Living on Borrowed Time? The Ad Agency Model is Changing

If you have ever watched Mad Men, it is interesting to explore how agencies used to work….last week.  The cable series,  Mad Men, is suppposed to depict a time when the free-wheeling agencies on Madison Ave influenced what people bought and how they were supposed to think about products.  The interesting thing about the agencies depicted by Mad Men is they still operate much the same today as they did 50-60 years ago, what has changed though, is their decreasing ability to influence consumers.  Why are agencies stuggling to stay relevant with a model that has worked for so long?

          Business is becoming more about customer relationships rather than transactions.

Social media has changed the expectation of the consumer.  The digital landscape has created more opportunities and more challenges than at any time in the history of advertising.  Advertising agencies have been slow to react not because they are slow, they just don’t know what the new model should look like.  Attempting to bridge the gap:

  • Traditional agencies are trying to deploy technologies. 
  • Digital agencies are trying to  manage brands
  • Brands are trying to hire managers to oversee commerce, digital, social, technology, etc
  • Technology firms are trying to dis-intermediate the agency by going direct to the Brands
  • The world has been in one of the most challenging economic times since the 1930’s.

All of this together and the fact that agencies are pitching against very different competitive bidders to win new business and fighting to stay relevant when they actually do get a piece of business.  The world of advertising continues to become more complex.  There used to be a handful of consumer touchpoints from radio to 5 channels on television, now there’s millions of digital and hundreds of television touchpoints.  If this was all that had changed, the old agency models might still be working with expertise divided into practice units (brand design, direct, PR, events, promotions, multicultural and now digital).  Not only have the amount of touchpoints dramatically increased, the expectations of the client and the consumer have also dramatically changed.

  • New Client Demands: Integration & Accountability – companies are competing in a truly global economy.  Even smaller firms are able to compete across the globe thanks to digital.  In order to do this effectively, marketing cannot continue to be a siloed department.  Campaigns must integrate with CRM, commerce, logistics systems (shipping) and service to provide the level of experience and services that consumers now expect.  Marketers are also coming under more scrutiny to deliver results not just campaigns.  The have one of the largest cost centers and CEOs are demanding to see an impact on business.
  • New Consumer Demands: Engagement over the long term – Marketing is no longer a series of campaigns, it’s a commitment to the customer.  It is no longer OK for companies to run 15 campaigns across 12 brands using 7 different agencies in an un-coordinated and inconsistent manner.  Consumers love to buy, but hate being sold to.  Marketers cannot push message after message without a way to develop relationships with key customers.  Understanding that EVERY consumer touchpoint is an opportunity to over-deliver on the company experience, systems must be integrated from the ad on the web, to the message on the website, to the box that comes in the mail, to the person on the phone/chat in customer service….over the next 16 years.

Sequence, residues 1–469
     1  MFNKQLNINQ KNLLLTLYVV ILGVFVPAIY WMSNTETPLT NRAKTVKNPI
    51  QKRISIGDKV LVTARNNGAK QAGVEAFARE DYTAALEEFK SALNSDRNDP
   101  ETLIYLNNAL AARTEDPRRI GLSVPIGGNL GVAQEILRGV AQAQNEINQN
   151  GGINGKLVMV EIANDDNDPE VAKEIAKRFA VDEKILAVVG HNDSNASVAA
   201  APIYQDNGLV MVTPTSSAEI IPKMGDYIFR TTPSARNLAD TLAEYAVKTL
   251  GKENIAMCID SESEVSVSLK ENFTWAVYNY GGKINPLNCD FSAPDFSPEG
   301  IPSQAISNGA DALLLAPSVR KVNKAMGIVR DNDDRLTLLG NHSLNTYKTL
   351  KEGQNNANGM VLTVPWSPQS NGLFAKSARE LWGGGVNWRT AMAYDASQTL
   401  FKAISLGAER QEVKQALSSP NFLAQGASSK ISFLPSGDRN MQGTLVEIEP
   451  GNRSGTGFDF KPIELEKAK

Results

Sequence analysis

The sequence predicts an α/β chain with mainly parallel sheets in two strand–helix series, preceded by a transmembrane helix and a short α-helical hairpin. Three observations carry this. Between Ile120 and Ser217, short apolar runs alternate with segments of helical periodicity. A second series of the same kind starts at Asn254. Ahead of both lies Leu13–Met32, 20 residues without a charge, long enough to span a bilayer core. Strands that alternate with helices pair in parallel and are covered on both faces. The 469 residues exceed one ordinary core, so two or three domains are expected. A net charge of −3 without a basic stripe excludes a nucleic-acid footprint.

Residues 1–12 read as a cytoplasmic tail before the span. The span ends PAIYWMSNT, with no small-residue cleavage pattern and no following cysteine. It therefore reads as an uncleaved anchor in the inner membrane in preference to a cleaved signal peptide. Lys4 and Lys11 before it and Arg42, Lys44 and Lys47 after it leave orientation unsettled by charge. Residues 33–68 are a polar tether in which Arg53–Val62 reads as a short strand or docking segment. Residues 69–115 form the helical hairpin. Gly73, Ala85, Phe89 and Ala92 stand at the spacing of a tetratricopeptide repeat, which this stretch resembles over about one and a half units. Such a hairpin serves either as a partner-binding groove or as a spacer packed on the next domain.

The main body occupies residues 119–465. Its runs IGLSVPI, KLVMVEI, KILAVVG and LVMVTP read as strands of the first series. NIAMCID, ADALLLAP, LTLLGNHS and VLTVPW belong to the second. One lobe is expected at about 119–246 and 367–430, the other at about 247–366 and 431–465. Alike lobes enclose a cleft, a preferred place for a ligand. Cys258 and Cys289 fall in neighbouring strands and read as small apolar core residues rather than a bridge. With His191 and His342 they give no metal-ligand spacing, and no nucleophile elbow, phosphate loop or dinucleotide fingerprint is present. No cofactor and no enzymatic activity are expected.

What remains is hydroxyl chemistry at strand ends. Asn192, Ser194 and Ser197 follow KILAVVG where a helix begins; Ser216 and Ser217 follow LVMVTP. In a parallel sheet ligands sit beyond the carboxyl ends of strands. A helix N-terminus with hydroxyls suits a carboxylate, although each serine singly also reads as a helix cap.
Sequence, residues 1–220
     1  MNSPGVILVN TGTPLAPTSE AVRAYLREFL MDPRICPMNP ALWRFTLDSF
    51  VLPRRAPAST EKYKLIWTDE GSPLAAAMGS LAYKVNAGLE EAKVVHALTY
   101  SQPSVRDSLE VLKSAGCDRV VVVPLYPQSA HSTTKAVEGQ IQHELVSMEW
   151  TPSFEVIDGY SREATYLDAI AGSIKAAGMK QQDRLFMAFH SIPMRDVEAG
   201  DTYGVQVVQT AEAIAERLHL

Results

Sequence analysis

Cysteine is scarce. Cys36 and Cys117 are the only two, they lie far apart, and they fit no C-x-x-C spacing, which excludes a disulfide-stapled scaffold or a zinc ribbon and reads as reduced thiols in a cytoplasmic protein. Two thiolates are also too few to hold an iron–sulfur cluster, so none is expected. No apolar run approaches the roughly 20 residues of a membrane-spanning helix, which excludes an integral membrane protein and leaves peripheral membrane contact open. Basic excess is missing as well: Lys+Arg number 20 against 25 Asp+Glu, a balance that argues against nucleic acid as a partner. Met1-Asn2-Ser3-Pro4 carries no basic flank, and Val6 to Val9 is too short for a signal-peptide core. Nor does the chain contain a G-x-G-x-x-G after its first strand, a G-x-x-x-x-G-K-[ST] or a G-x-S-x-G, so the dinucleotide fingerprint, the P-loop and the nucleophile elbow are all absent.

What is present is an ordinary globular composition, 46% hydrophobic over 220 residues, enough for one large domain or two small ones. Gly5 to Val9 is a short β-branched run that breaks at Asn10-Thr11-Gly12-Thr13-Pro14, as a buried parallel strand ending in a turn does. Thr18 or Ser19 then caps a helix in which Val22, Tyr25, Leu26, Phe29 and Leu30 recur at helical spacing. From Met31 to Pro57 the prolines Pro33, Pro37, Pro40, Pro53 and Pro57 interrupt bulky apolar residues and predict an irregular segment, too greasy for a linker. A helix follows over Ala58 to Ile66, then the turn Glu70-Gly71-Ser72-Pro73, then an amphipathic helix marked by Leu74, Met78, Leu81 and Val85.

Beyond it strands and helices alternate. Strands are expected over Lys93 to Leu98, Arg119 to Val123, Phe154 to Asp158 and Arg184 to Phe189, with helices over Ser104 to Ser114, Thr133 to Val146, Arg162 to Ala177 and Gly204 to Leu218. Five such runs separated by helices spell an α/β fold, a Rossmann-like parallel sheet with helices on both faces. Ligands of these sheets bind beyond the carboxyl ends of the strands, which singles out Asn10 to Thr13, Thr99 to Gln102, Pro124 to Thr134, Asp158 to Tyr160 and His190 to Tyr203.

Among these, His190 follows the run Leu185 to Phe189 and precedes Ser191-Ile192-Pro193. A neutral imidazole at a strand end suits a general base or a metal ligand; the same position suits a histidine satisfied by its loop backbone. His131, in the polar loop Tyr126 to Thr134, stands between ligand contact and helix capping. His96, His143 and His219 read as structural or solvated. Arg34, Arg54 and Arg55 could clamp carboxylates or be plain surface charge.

Now I don’t know what the right model looks like.  Agencies like Crispin, Porter + Bogusky are helping us re-imagine the digital possibilities through experience innovation and agencies like R/GA are re-defining what the make-up of an agency should be (adding technology, SEO, social expertise along with traditional).  Even these front-runners are not integrated throughout the client nor do they look beyond the campaign overall.

For this week’s event we needed to find an innovator.  Someone who has been in the industry long enough to identify with the sacred cows and someone radical enough to help re-think them.  Hank Wasiak certainly fits the bill!  Hank has proven himself over and over again at the agency level, client level, creative and innovation.  This highly sought after industry revitalist is a must see wherever he goes.  To help us this week we decided on the following topic and subsequent questions:

Living on Borrowed Time? The Ad Agency Model is Changing

Q1: What do Brands expect from agencies today & are they delivering

Q2: How has social media altered the creative process and deployment of  marketing communications programs?

Q3: What does the agency of the future look like?

This week’s event will take place Tuesday 9/14 at noon ET as always.  To join in simply use the keyword #sm77 using your favorite Twitter client or go to out LIVE page at

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3 Responses to Living on Borrowed Time? The Ad Agency Model is Changing

  1. Pingback: Ad Agencies and Social Media « Brian Groth on Social Media and Online Advertising

  2. Lelah Andrea says:

    Success is really a ladder that can not be climbed with your palms in your pocket

  3. Dallas SEM says:

    Thanks for this AWESOME information! I will definitely have to use this in my blog!


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